Senator Honan sought a guarantee that the people in detention would be treated properly. She suggested that formal instructions should be given to the Garda on their obligations in this regard. This can be done. The regulations which I will be making under section 7 of the Bill to which I have referred will contain a comprehensive code of statutory instructions which will be binding on the Garda. The emphasis in these regulations will be on the proper treatment of all persons held in Garda stations.
Senator Brendan Ryan is a very strong opponent of the Bill. I understand that his contribution was made yesterday. He also made a submission to me previously and has been involved in the public debate. I am sorry that I was not here to listen to him but I think I know his views in detail because he made a submission to me and has been involved actively in the debate. He opposes the Bill vehemently. I have a list of the many points he made. He talked about a campaign of fear and hysteria about the crime situation. There is a fundamental disagreement in my attitude here. There is real fear about the crime situation. People, especially older people, are in real fear. People in corporation housing estates are in fear. Many young people are afraid to come into town at night. It is not hysteria, it is real and there are good, sound reasons for it and an obligation lies on me as Minister and on the Government to do something about it.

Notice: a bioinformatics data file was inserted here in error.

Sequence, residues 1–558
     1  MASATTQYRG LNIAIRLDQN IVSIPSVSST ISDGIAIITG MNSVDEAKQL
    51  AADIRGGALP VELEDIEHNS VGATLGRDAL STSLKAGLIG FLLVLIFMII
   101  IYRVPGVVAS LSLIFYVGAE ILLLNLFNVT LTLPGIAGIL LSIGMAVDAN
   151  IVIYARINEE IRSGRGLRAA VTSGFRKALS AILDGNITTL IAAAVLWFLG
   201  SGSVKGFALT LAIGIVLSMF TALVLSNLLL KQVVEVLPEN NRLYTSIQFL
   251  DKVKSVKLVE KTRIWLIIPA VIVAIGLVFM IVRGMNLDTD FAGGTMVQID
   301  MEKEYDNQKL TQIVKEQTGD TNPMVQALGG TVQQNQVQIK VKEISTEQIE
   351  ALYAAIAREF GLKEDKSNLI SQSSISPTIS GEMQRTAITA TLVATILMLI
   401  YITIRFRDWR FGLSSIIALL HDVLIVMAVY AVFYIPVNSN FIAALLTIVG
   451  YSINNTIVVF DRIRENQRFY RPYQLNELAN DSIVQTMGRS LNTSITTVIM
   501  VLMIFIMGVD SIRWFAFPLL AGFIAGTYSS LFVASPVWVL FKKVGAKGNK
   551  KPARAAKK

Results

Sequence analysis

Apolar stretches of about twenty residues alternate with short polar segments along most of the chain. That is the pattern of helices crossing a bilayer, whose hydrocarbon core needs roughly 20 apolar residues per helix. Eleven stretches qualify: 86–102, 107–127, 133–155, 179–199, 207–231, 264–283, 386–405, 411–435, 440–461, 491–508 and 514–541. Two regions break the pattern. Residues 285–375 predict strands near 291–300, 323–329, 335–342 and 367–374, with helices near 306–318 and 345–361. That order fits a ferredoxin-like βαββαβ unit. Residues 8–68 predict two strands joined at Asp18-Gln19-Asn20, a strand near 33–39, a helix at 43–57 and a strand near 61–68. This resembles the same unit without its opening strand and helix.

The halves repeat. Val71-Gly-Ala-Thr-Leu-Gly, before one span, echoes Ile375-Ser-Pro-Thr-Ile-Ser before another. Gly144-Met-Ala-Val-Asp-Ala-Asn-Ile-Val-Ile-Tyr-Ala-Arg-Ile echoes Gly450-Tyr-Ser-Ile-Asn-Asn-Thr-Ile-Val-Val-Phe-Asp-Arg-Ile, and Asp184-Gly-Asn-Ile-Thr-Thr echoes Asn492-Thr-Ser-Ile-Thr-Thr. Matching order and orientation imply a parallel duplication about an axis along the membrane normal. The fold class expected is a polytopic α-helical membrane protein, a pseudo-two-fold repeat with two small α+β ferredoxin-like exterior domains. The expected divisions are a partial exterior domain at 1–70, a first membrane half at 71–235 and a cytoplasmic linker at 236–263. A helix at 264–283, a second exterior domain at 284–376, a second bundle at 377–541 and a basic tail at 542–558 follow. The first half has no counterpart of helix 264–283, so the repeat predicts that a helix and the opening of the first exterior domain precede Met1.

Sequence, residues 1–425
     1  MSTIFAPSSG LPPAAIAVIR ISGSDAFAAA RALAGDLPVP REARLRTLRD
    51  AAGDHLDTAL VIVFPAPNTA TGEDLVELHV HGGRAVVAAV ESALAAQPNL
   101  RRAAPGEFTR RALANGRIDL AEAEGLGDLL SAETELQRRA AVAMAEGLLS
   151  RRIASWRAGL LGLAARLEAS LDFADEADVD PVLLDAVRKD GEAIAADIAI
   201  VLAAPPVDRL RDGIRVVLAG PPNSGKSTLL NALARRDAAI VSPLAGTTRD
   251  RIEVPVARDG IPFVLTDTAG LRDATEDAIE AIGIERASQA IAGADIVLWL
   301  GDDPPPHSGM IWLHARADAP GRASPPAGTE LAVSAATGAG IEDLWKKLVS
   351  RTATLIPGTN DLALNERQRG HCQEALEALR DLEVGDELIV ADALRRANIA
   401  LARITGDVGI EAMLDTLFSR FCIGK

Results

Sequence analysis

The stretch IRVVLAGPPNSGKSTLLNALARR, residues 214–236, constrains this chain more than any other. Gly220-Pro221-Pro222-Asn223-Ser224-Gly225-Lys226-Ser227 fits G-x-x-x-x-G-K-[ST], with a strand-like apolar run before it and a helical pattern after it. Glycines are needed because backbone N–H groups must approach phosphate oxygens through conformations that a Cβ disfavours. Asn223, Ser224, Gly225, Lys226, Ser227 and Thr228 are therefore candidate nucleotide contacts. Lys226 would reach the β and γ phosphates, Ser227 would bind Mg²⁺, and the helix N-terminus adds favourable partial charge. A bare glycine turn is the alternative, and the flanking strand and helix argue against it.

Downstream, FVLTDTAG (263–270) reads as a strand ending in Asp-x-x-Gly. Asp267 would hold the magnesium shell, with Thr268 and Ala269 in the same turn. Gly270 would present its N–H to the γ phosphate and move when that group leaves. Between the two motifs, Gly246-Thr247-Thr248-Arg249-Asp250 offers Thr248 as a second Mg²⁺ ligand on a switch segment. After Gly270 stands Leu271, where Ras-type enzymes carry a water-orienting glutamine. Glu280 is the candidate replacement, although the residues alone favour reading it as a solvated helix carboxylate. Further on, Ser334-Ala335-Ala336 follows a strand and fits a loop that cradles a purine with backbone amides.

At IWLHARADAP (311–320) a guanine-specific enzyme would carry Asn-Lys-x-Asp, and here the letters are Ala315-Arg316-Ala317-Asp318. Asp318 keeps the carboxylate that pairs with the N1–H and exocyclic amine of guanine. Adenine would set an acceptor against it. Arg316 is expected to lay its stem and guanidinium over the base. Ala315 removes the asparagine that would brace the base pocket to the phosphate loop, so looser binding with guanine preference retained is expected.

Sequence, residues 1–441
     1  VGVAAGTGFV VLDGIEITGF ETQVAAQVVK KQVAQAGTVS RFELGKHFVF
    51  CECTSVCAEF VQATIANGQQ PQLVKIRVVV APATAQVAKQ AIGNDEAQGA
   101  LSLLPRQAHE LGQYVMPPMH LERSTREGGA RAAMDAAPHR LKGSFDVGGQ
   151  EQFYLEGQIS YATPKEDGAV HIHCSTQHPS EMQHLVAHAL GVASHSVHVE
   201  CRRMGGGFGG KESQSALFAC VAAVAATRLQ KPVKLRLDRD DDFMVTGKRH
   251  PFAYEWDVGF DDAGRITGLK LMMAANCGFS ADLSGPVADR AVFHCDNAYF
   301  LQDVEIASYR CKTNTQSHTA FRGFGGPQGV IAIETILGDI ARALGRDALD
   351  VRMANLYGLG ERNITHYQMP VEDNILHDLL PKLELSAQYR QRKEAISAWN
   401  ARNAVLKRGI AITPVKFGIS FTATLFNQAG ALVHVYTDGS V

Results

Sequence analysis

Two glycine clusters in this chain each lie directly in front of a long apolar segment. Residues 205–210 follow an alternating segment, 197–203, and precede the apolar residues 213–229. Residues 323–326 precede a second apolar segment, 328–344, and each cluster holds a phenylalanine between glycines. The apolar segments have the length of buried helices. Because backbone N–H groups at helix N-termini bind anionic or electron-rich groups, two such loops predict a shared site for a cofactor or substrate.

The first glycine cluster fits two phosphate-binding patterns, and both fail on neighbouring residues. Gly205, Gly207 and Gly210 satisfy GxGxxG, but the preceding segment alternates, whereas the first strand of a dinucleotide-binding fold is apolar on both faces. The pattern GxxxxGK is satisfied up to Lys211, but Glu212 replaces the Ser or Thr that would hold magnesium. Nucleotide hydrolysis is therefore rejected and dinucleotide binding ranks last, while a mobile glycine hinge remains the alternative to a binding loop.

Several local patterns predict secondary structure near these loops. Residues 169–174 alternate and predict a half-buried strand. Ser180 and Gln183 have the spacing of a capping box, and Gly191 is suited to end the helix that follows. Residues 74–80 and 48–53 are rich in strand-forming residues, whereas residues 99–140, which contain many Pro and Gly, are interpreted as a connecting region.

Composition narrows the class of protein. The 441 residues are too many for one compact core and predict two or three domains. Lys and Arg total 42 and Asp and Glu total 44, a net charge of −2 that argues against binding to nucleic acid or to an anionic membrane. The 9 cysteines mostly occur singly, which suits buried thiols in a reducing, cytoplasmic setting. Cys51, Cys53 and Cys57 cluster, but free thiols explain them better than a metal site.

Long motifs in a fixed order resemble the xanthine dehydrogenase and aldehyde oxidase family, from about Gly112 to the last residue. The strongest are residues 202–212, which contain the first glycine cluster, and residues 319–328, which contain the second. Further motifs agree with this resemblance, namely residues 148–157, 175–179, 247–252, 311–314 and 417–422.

The Senator said that reasonable suspicion as a test of gardaí arresting people would bring about a situation where the Garda would have preconceived notions about certain minority groups in society. I do not accept this. Generally speaking the Garda operate the powers they have very fairly. No new power of arrest is being given the Garda Síochána and I have no evidence that particular minority groups are picked on by the Garda Síochána. The Senator said that the powers of search in the Misuse of Drugs Act are too wide and that they are being abused. I have no evidence that they are being abused, but certainly the powers of search in the Misuse of Drugs Act are wider than any powers of search in any other areas of the criminal law.